TNT's EXPLOSIVE 'GEORGE WALLACE' The Washington Post Saturday, August 23, 1997 by John S. Pancake
George Wallace, the mean little rooster of American politics, comes to life this weekend in a two part TNT movie that airs several times tomorrow and Tuesday nights.
Wallace's story is a certifiable American epic--a tale about the power of hatred and fate and perhaps even redemption.
The movie lasts four hours, which is a long time to spend with George Corley Wallace, but it's worth catching thanks to the sorcery of Gary Sinise, who transforms himself into Wallace in a way that will make your skin crawl.
It's as if lovable Lieutenant Dan from "Forrest Gump" ( a role that won him an Oscar nomination) had ingested the former ALabama governor's DNA. He has perfected Wallace's walk, his serpentine quickness (Wallace was a bantamweight Golden Gloves champion), his arsenal of smiles, his magnetic defiance, his hypnotic cadences, even that trademark forelock that arched back across his scalp like a cockscomb.
Sinise is so good that I found myself trying to figure out what the real Wallace had that Sinise's Wallace is missing. (Scarier eyebrows). It is a tour de force.
Eccentric director John Frankenheimer ("Birdman of Alcatraz," "The Manchurian Candidate") and writer Marshall Frady have built a plot that begins at the middle and jumps forward and back in time. This approach is mildly confusing but allows the filmmakers to draw some ineteresting comparisons.
"George Wallace" begins witht he 1972 assassination attempt in Laurel, Md., that left the politician confined to a wheelchair. From Laurel, Frankenheimer wades back through the rich ferment of Wallace's political career, showing how "Big Jim" Folsom (a wooden Joe Don Baker) ran interference for Wallace early on. Folsom, though a boozehound and womanizer, was the closest thing to a racially moderate governor, and the young Wallace followed in Folsom's wake.
But after losing his first gubernatiorial campaign to a race-baiter, Wallace dropped the pretense of tolerance like a dirty paper plate and swore he'd never be "out-niggered"--his phrase--again.
The film pivots on the central even of Wallace's career, his "stand in the schoolhouse door" on June 11, 1963. By then he had been elected governor on a segregationist platform. Keeping a campaign promise, Wallace blocked the entrance of Foster Auditorium at the University of Alabama so that two black students, Vivan J. Malone and James A. Hood, could not enroll. It was an act of cynical defiance that kept the university segregated for a total of four more hours before federal troops ordered Wallace to stand aside.
Sinise plays this bit of brilliant political theater for all it's worth. And Frankenheimer's merciless camera follows the giddy Wallace and his gloating, mouth breathing advisers (played with relisih by Skip Sudduth, Mark Rolston, Tracy Fraim, William Sanderson and Terry Kinney) as they grandstand their way onto the national stage.
The happy little band is contrasted with a pwoerful portrayal of Wallace's long suffering first wife, Lurleen ( a taut performance by Mare Winingham). In one particularly cruel scene, the doctors tell Wallace that Lurleen has cancer, and the man whose slogan is "Stand up for Alabama" can't find the nerve to face her with the bad news.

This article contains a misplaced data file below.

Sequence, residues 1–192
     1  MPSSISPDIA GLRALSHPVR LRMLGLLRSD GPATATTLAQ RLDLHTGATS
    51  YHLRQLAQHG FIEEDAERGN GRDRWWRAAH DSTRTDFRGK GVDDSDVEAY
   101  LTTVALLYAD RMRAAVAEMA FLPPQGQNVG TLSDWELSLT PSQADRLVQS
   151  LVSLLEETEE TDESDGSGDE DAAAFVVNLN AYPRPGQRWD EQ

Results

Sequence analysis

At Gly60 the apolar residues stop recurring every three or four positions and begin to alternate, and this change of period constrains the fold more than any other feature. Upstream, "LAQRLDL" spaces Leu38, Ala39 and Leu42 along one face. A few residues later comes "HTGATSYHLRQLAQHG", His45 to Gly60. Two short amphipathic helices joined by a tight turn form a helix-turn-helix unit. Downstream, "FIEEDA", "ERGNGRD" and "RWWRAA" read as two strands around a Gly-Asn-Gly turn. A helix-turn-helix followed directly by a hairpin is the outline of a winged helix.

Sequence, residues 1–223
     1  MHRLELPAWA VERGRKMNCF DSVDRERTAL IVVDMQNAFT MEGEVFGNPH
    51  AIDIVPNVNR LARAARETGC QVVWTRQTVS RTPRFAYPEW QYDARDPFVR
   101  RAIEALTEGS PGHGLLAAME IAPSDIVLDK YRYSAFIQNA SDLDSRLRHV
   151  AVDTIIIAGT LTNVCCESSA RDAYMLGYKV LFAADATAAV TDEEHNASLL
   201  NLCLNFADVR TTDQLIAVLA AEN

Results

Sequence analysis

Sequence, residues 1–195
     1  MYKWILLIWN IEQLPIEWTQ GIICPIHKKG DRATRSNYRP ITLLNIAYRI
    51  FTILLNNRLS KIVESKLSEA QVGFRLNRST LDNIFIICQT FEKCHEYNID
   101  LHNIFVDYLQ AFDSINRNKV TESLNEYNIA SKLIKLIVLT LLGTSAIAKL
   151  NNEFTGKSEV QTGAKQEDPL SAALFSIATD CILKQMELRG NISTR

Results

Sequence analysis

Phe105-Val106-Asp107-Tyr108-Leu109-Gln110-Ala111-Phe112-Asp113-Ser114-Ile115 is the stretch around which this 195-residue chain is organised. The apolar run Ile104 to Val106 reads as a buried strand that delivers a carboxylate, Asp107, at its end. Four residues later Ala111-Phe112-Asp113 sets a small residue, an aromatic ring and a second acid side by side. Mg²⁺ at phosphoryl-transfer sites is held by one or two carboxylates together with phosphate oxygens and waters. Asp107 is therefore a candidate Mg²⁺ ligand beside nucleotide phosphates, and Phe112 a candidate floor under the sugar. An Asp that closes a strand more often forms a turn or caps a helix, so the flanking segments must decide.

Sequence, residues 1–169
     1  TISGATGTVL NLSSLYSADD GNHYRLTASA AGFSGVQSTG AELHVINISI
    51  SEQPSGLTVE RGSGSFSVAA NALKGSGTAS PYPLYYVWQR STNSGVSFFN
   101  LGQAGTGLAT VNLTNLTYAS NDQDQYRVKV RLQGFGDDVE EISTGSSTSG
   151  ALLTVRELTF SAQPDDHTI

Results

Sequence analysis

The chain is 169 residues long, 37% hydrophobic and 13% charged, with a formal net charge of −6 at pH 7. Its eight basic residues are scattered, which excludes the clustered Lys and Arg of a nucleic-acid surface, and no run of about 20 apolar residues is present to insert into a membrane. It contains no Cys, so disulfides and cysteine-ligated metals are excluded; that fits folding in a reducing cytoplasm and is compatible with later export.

Lurleen is the only remotely likable white person in the Wallace household. She becomes a symbol of homespun integrity compared with the second Mrs. Wallace, Cornelia (Angelina Jolie) who comes off as a horny beauty queen.
Frankenheimer also inserts a fictional black servant into the governor's mansion: Archie (played with stoic intenstity by Clarence Williams III, looking much graver than in his days as Linc on "The Mod Squad"). This character allows Frankenheimer to examine Wallace's personal callouslness toward blacks adn to illustrate the wellspring of anger that blacks felt toward him. In one scene, Archie toys with the idea of planting an ice pick in the governor.
Archie is also there to wheel the broken, contrite Wallace intot he Dexter Avenue Baptist Church in Montgomery--where Martin Luther King Jr. had presided--to ask black people to forgive him. This event really did happen, and it must have been unimaginably dramatic. The movie makes the most of it.
The Wallace family ahs objected to the ice pick scene and other aspects of the film. Current Alabama Gov. Fob James has declared the filmmakers "not fit to trod on Alabama soil"--quite a concept.
Unquestionably, parts of the film are made up. If Frankenheimer submitted the script to a history professor, he'd get an F. But this is not history, of course, it's drama. And great storytellers--going back to Homer and Shakespeare--have always embroidered history. This movie is no different.
If you want to worry about whether George Wallace gets a fair shake in this film, go ahead. Personally, I don't have that much charity. It is certainly touching that Wallace, who turns 78 Monday, paralyzed, in pain, deaf, unable to control many of his bodily functions, is having second thoughts. He probably rode the mule of racism farther than any politician in American history--four terms as governor and four presidential campaigns. In his heyday, he had an awesome ability to call out the worst in people.
Perhaps the fairest thing to say of George Wallace is that if we as people had been better, his opportunism would (sic) taken him less evil directions. The hate spewing governor is certainly one of history's villains, but he is far from the only one.
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